Naturally Formed Snowballs Cover Beaches in Siberia

Thousands have washed up on an 11-mile stretch of shore of the Gulf of Ob

Giant Snowballs Form on Siberian Beach

Last week, residents along the Gulf of Ob, an area in central Siberia above the Arctic circle, found something strange on the beach: an 11-mile stretch of snowballs, reports The Siberian Times.

No one in the town of Nyda, the closest to the snowball-covered shoreline, remembers the phenomenon occurring before. “We have them only in one place. It’s as if someone spilled them. They are all of different sizes, from tennis balls to volleyballs. We all were very surprised,” local Ekaterina Chernykh tells the newspaper. “Many people believed it only when [they] saw with [their] own eyes. This has not happened previously. And there was not so much snow for them to form. It’s so interesting.”

Sergei Lisenkov, press secretary of the Arctic and Antarctic Research Institute, gave an explanation for the snowballs on television, the BBC reports. “As a rule, first there is a primary natural phenomenon—sludge ice, slob ice. Then comes a combination of the effects of the wind, the lay of the coastline, and the temperature and wind conditions. It can be such an original combination that it results in the formation of balls like these.”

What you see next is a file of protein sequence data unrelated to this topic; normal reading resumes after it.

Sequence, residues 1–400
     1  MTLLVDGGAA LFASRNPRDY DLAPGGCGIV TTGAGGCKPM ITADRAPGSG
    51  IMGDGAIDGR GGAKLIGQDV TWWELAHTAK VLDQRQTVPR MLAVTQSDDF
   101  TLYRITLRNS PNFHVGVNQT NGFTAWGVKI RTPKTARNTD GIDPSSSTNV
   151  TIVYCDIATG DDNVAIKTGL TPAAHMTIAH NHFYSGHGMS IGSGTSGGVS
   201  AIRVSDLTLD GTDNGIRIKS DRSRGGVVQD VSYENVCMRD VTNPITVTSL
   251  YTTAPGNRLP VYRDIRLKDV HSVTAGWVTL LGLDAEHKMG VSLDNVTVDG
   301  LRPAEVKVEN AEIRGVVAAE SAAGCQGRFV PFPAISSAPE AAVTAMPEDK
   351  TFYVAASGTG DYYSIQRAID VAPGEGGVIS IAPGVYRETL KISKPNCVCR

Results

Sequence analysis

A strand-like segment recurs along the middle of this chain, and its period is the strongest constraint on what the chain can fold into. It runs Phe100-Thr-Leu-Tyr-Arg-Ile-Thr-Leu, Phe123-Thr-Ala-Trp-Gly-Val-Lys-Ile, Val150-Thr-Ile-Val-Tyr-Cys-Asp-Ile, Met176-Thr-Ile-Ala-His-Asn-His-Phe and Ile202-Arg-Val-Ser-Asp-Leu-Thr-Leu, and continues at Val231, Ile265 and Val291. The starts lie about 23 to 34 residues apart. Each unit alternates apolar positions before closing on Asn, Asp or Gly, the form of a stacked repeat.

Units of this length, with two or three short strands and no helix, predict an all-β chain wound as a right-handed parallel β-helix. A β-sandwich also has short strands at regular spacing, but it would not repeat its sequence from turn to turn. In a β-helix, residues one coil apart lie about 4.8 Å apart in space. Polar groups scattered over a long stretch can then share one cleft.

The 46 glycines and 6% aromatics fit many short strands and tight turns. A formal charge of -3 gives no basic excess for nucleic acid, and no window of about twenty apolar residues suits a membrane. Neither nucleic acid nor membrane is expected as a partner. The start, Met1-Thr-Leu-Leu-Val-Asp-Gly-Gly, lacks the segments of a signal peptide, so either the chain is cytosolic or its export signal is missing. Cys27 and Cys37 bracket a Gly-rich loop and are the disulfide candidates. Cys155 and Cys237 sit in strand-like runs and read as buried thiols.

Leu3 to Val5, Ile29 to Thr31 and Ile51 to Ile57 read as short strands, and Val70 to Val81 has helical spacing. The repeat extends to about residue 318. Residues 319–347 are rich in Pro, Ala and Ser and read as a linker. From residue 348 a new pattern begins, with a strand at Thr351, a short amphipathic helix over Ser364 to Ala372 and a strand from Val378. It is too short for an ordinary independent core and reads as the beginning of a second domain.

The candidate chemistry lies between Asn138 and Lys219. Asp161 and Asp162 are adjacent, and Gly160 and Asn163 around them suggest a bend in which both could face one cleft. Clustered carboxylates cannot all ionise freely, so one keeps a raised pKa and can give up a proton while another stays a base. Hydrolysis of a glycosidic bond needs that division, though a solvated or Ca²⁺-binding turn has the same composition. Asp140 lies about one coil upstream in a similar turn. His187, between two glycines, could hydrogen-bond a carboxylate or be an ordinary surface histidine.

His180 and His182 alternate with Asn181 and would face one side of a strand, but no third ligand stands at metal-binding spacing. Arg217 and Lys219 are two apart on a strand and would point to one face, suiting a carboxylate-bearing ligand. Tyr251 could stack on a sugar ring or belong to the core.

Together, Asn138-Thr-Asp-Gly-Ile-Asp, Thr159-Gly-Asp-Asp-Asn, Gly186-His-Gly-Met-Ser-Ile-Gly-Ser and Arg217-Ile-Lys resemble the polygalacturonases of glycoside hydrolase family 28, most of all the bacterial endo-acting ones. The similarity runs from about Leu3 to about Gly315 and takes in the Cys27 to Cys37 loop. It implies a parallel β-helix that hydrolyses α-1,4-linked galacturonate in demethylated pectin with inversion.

The BBC adds that the balls “result from a rare environmental process where small pieces of ice form, are rolled by wind and water, and end up as giant snowballs.”

It’s the first time the icy orbs have been reported in Siberia, but a similar effects have been recorded elsewhere. In 2013, beach bal-sized ice balls washed up along the shore of Lake Michigan, some of them weighing up to 75 pounds, reports Sue Thomas at MLive. At the time, Park Ranger Amie Lipscomb explained that those ice orbs form when chunks break off larger ice sheets. Waves round and smooth each layer of ice, like a rock tumbler, as they are added to the balls which are eventually deposited on the beach. Rebecca Hersher at NPR reports that similar ice balls were recorded in Lake Michigan in 2010 and 2015 and also covered a Sebago Lake in Maine last winter.  

Get the latest stories in your inbox every weekday.